You may be wondering why I don't use electricity.  The answer is somewhat complex.  As a non-Orthodox Jew, I don't believe it is forbidden; I was never convinced by any of the Orthodox arguments.  I don't believe it's like fire because it makes light and heat, because the process is entirely different.  Nor do I believe that flipping on a light completes a circuit, which counts as building, which is forbidden on the Sabbath.  (There IS a forbidden work category called "building"; I just don't believe that's a good example of it.)  Rather, I have found that the lack of electronics serves to further separate my Sabbath from my week, and make it all the more peaceful.

So that's my Sabbath, described! Hope you enjoyed, and I hope this post was not too long! Please comment!

PS: I usually like to listen to Steven Curtis Chapman music while I am getting ready for the Sabbath.  I have a Youtube playlist of songs I picked that do not include the words "Jesus," "Christ," or "Savior."  I've found that most anything else is fine: most of the religious concepts he mentions also appear in Judaism; it's just that we say them in Hebrew, not English, and when said in English, they sound Christian.

Wednesday, February 10, 2016

In It for the Long Haul: The Qualls Family

I began to pray for the Qualls family when God moved in my heart and told me to do so.  (I cannot give a specific time; I am horrible at remembering things like that.)  More specifically, I was praying for one of their girls, Kalkidan Ella.  She had been adopted from Ethiopia a number of years before, and she was really struggling in many ways.  I believe that at the time when I started praying, she was at a special boarding school to help her in these areas, with the goal to move her home as soon as possible.  I had many things for which to pray: Kalkidan's health, safety, and well-being; the family's health, safety, and well-being; strength and faith for the parents.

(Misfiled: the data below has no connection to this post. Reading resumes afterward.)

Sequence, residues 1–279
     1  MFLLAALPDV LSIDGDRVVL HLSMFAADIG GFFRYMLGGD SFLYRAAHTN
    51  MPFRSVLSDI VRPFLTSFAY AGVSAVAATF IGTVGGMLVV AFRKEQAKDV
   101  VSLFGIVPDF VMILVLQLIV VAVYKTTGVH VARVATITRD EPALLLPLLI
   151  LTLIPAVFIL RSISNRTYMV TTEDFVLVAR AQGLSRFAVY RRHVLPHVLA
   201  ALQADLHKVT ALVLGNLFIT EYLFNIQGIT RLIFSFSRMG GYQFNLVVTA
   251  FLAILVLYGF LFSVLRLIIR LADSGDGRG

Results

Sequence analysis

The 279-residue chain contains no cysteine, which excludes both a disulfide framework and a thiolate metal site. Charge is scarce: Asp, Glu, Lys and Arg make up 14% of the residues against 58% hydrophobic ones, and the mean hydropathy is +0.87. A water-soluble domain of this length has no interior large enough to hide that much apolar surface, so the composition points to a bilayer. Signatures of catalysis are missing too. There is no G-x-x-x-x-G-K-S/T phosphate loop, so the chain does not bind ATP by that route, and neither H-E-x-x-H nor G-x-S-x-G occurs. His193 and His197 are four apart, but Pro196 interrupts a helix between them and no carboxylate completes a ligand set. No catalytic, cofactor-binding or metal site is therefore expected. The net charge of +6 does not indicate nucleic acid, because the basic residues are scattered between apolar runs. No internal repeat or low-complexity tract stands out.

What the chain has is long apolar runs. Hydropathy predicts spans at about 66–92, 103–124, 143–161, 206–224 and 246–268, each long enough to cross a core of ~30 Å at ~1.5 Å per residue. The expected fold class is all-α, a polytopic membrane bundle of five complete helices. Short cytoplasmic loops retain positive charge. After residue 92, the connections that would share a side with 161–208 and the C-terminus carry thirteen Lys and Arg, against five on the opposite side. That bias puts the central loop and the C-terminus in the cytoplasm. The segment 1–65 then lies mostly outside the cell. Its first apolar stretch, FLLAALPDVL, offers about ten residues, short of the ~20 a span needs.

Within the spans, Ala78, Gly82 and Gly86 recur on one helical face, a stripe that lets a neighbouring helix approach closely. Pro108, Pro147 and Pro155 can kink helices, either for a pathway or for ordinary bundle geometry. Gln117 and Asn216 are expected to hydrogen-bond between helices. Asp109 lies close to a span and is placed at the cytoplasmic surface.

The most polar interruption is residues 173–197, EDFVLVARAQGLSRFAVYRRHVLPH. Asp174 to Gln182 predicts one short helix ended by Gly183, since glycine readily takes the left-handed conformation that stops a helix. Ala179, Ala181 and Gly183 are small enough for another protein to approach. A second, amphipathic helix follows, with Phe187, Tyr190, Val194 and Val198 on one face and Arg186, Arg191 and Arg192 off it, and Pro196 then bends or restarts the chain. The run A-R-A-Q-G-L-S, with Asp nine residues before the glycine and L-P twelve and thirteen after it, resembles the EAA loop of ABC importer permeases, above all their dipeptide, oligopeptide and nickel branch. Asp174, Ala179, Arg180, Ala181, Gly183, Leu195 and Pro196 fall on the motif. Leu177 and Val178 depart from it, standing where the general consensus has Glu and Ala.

The Qualls family lost Kalkidan in a tragic car accident, I think a little more than a year ago.

Since that day, I have been praying for the family as a whole, rather than just Kalkidan.  I pray that they have the strength needed to even turn to God in the first place.  I pray that when they turn to God, they find strength and solace through their faith.